Nearly 160 civilian Los Angeles Police Department employees could be laid off by Jan. 1 in a plan by City Hall to address its budget deficit, according to an internal department website posting obtained by The Times.
LAPD Chief Charlie Beck said jobs targeted for elimination under a previous proposal from City Hall are one police administrator III, 10 secretaries, 81 senior clerk typists, 66 clerk typists and a nutritionist.
“I know this is a very stressful time for all and I want to avoid rumors and miscommunication, which can only increase the stress level,” Beck wrote in the post. “Therefore, as I did in the spring during budget hearings, I have directed the Office of Administrative Services to keep everyone updated on a weekly basis until there is a resolution.”
While department officials would seek to work on “any and all possible solutions and outcomes,” a final decision on the layoffs will be made by Dec. 14, Beck wrote.
The Los Angeles Police Protective League, which represents 10,000 officers, is waiting to see what the City Council does with Mayor Antonio Villaraigosa’s request but said it was “concerned about how the work will be done because any delays in the ‘support function’ will definitely affect the ability of officers to respond to law enforcement issues impacting residents and businesses in Los Angeles.”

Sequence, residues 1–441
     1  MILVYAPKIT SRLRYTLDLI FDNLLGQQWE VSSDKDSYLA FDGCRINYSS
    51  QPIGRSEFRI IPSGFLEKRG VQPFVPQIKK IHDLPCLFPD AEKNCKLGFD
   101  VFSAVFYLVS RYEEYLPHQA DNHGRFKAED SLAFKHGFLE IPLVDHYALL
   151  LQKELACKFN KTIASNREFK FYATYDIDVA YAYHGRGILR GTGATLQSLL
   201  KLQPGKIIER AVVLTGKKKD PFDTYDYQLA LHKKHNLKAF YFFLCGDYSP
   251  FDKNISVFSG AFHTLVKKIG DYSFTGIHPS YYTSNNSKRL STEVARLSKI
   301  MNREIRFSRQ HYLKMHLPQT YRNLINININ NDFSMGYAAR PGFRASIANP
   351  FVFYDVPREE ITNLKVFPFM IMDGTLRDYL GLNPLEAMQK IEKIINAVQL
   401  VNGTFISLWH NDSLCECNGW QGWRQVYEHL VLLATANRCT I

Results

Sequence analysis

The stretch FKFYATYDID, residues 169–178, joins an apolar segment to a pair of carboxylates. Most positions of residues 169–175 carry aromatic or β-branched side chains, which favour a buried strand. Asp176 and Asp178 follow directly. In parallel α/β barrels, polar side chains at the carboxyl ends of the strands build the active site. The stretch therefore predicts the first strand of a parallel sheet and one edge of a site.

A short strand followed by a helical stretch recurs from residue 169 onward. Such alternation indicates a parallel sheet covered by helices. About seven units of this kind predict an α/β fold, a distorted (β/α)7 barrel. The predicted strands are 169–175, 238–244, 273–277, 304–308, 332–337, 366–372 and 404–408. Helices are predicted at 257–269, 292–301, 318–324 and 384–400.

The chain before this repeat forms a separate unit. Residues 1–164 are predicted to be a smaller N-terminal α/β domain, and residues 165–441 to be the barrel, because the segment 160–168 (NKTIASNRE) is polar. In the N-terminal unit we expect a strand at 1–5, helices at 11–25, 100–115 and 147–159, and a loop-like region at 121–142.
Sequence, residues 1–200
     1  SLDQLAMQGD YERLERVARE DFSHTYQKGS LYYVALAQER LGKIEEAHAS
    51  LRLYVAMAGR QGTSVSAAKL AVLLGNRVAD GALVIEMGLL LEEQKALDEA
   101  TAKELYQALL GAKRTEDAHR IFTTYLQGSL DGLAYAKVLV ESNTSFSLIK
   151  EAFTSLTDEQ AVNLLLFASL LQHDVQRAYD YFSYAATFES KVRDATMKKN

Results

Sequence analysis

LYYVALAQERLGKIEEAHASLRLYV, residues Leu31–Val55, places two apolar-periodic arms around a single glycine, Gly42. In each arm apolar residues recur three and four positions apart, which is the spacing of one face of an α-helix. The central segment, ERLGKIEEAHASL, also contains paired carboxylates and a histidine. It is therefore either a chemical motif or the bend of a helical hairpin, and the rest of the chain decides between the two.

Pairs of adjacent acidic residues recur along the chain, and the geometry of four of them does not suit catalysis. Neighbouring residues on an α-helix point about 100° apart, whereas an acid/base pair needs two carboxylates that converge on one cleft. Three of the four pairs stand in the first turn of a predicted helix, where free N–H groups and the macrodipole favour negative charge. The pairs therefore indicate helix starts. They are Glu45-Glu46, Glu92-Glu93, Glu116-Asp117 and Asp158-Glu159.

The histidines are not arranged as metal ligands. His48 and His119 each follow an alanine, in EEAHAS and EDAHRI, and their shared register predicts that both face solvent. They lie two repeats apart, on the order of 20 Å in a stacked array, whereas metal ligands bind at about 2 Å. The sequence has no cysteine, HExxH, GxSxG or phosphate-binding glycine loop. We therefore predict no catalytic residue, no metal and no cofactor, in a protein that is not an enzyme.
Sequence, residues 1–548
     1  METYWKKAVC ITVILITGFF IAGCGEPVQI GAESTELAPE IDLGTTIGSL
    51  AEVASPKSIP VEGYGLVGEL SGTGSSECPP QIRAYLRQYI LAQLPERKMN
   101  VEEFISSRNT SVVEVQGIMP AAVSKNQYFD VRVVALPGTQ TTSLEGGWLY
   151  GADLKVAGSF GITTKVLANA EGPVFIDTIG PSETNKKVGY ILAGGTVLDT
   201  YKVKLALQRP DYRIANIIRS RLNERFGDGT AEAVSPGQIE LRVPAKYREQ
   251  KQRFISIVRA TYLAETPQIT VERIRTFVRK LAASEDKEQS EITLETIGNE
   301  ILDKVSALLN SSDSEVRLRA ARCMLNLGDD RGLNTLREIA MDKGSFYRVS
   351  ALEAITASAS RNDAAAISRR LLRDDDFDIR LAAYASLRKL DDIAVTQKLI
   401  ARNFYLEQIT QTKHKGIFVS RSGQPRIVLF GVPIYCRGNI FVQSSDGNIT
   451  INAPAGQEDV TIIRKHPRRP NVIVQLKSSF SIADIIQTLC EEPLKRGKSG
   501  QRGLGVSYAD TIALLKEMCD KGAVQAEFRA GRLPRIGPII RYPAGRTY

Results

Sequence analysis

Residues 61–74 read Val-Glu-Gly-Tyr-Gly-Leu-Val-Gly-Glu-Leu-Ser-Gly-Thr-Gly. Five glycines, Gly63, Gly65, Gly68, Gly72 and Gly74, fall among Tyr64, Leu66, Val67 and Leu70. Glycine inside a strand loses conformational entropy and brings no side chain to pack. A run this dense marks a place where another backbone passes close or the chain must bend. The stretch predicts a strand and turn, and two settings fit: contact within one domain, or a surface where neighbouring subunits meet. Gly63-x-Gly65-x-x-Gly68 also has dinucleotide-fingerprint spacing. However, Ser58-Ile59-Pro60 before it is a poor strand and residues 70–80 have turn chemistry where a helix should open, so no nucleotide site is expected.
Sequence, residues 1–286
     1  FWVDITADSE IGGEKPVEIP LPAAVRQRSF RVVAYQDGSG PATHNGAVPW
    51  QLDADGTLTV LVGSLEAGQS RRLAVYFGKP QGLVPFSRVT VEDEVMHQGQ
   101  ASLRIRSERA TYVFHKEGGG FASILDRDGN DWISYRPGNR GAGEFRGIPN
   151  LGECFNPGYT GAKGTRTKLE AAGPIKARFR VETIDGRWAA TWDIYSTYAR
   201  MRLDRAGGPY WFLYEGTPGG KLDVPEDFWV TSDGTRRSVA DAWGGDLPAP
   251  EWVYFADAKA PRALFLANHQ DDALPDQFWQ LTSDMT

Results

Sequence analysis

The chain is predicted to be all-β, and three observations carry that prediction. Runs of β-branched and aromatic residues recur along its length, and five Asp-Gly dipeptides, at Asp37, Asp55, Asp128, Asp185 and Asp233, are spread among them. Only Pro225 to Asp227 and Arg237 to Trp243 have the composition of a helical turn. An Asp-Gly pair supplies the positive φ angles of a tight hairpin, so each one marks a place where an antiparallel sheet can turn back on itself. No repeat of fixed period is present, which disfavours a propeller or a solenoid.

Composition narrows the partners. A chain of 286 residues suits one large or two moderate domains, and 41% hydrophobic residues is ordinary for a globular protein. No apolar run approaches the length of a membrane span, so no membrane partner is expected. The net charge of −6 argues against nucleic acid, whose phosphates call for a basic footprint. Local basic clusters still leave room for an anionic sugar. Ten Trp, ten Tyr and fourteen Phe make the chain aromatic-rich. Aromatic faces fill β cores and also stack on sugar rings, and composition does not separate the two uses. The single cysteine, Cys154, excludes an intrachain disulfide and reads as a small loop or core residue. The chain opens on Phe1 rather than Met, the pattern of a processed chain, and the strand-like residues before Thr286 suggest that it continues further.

Officials said there have been discussions about alternatives to the civilian employee cuts at the LAPD, including deferring raises or pay cuts among the various city unions. If that does not happen, Cmdr. Andy Smith said the impact would be hard for the department to absorb.
“These are folks who are part of our LAPD family,” Smith said Thursday. “We all hope the city can find some alternative solution so we don’t have to lose these valuable police employees.”
Earlier this week, the city’s top budget advisor, City Administrative Officer Miguel Santana, urged the Los Angeles City Council to follow through on more than 200 employee job cuts tabled earlier this year and recommended including 50 lawyers in the city attorney’s office on the list.
He argued that more cost-cutting was necessary, in part, because the city already has a $16.6-million budget shortfall four months into its new fiscal year. That gap will grow wider if 209 city jobs are not eliminated by Jan. 1, the budget advisor said Tuesday.
Representatives of City Atty. Carmen Trutanich have issued their own response to Santana’s proposal. Trutanich senior deputy William Carter sent employees an email Wednesday promising to fight the cuts, which he described as an “outrageous and short-sighted attack” on the office.